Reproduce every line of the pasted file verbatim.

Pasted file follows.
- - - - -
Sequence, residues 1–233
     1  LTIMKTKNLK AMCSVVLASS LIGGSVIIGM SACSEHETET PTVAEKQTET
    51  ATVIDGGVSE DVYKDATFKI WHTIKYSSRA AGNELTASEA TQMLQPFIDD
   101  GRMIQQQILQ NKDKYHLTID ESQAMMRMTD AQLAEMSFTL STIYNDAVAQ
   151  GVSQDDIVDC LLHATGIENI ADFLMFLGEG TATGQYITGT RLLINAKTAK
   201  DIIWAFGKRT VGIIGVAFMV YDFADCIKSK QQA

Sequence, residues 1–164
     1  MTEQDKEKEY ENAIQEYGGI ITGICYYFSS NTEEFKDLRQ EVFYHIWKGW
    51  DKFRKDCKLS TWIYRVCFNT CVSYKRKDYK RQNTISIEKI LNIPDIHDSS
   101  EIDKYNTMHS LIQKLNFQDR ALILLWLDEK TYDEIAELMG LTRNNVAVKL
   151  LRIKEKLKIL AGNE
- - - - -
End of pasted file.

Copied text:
Sequence, residues 1–233
     1  LTIMKTKNLK AMCSVVLASS LIGGSVIIGM SACSEHETET PTVAEKQTET
    51  ATVIDGGVSE DVYKDATFKI WHTIKYSSRA AGNELTASEA TQMLQPFIDD
   101  GRMIQQQILQ NKDKYHLTID ESQAMMRMTD AQLAEMSFTL STIYNDAVAQ
   151  GVSQDDIVDC LLHATGIENI ADFLMFLGEG TATGQYITGT RLLINAKTAK
   201  DIIWAFGKRT VGIIGVAFMV YDFADCIKSK QQA

Sequence, residues 1–164
     1  MTEQDKEKEY ENAIQEYGGI ITGICYYFSS NTEEFKDLRQ EVFYHIWKGW
    51  DKFRKDCKLS TWIYRVCFNT CVSYKRKDYK RQNTISIEKI LNIPDIHDSS
   101  EIDKYNTMHS LIQKLNFQDR ALILLWLDEK TYDEIAELMG LTRNNVAVKL
   151  LRIKEKLKIL AGNE